Atopic dermatitis is caused by a skin reaction on the skin. The reaction causes ongoing itching, swelling and redness. People with atopic dermatitis may be more sensitive because their skin lacks some proteins that protect the skin’s water barrier. People with atopic dermatitis often have asthma or seasonal allergies. There is a history of allergies such as asthma, allergic rhinitis or eczema.
Adult Allergy Testing
Allergy tests are divided into skin tests and blood tests.
Tests can be done for common allergens such as plant pollen, molds, dust mites, animal epithelias, insect stings, and various foods such as peanuts, eggs, wheat, shellfish and milk. The test can also be used for some drugs such as penicillin. There are two types of skin tests:
The prick test is immersed in the surface of the skin with a small amount of allergen. The test is done on your back or inside your arms with several allergens tested at once. If you are allergic, you may experience redness and swelling at the test area.
Intradermal testing injects the allergen with a very fine needle under the first few layers of the skin. This type of skin test can be used when the result of a prick test is unclear.
Skin tests are more sensitive than blood tests, but an allergist can also use blood tests to diagnose allergies. Some situations that require a blood test are as follows:
- If you are using a drug that could interfere with allergy test results.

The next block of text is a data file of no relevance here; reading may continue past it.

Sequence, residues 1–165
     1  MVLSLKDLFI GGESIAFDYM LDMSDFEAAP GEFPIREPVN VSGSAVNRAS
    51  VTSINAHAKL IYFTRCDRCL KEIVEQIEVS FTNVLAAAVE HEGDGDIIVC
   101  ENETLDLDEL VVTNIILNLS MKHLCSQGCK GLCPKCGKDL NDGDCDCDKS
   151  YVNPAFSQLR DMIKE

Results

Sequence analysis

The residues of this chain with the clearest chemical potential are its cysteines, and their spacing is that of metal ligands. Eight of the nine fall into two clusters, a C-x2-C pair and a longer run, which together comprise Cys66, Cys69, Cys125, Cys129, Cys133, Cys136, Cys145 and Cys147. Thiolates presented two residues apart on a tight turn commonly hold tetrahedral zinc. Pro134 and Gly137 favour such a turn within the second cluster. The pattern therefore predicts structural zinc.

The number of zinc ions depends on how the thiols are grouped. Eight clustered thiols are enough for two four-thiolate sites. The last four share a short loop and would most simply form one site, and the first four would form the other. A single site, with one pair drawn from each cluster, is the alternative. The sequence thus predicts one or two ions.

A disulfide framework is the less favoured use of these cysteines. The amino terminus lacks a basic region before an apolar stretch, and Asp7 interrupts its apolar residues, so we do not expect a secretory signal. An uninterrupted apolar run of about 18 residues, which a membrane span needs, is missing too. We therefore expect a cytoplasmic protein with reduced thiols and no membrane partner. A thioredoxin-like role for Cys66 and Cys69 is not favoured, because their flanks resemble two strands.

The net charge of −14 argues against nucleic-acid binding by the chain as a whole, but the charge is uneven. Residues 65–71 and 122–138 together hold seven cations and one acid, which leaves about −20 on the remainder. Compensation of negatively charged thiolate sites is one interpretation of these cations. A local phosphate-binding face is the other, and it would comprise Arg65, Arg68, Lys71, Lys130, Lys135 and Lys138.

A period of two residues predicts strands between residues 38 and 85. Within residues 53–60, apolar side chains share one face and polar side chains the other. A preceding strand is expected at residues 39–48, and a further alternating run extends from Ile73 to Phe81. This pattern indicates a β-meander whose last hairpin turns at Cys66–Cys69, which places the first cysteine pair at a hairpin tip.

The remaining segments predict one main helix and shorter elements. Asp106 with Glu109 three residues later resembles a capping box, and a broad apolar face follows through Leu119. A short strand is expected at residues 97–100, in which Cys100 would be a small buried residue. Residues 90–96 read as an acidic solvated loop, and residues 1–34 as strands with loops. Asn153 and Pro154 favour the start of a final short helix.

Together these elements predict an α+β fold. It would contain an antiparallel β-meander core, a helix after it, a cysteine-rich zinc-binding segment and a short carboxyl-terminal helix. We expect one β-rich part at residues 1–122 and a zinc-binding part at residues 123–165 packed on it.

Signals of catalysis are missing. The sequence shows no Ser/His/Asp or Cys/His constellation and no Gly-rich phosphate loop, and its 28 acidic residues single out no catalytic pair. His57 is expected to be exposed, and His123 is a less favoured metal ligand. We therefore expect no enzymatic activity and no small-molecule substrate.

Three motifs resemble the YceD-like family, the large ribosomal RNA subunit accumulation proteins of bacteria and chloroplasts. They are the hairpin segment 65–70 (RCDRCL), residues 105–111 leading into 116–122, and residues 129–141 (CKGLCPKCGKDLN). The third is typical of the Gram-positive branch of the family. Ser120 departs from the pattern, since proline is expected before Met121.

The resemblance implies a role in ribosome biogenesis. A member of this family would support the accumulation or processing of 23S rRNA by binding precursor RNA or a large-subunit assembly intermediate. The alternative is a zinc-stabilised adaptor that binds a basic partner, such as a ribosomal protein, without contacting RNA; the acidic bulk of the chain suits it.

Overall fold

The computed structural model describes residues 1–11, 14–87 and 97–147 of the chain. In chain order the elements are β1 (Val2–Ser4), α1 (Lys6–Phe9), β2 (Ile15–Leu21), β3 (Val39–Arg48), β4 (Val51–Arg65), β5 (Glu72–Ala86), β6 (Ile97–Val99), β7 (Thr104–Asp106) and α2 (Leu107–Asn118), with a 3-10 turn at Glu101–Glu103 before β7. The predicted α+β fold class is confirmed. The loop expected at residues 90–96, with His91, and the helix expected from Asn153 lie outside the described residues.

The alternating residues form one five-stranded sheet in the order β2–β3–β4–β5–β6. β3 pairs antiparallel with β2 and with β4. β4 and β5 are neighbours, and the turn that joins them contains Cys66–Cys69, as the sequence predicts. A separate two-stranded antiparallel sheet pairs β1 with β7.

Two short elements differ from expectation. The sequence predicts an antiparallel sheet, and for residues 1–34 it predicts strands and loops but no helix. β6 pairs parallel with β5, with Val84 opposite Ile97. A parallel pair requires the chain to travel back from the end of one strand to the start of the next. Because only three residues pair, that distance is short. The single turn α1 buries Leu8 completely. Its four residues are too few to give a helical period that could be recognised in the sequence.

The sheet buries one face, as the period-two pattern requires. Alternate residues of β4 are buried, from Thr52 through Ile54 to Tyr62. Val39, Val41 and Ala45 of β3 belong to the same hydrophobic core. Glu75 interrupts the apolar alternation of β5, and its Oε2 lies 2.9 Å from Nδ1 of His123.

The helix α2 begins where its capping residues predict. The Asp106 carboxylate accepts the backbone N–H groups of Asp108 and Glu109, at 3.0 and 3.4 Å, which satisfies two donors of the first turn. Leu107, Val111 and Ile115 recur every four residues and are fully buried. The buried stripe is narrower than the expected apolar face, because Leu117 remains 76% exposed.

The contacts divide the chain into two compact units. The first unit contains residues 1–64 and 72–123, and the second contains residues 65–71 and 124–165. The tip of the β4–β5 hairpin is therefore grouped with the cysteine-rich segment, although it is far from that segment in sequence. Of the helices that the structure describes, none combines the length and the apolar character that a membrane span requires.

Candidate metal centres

- If you have very sensitive skin or a serious skin condition,
- If you have previously had a reaction to an allergen and you have been advised not to be exposed further
After taking blood, the sample is sent to the lab to look for antibodies to specific allergens that indicate whether you have allergies. It takes several days to get blood test results.
Allergy Treatment in Adults
If you feel like you can’t avoid allergens, there are many medications available to help you control allergy symptoms. Decongestants and antihistamines are the most common allergy medications. They help reduce nasal congestion, runny nose, sneezing and itching. Other medicines work by preventing the release of chemicals that cause allergic reactions. Corticosteroids are effective in treating inflammation in the nose.
An allergist will assist you in determining which medications are best for you and how often and how much you should use – eliminating or minimizing any side effects.
Depending on the type of allergy you have, you can train your body to be less allergic. Immunotherapy is a preventive treatment for allergic reactions to substances such as grass pollen, house dust mites, and bee venom. Immunotherapy involves administering increasing doses of the substance or allergen to which the person is allergic. Increasing doses of the allergen make the immune system less sensitive to the substance, possibly causing the production of a “blocking” antibody that reduces allergy symptoms when the substance is encountered in the future. Immunotherapy also reduces inflammation that characterizes rhinitis and asthma.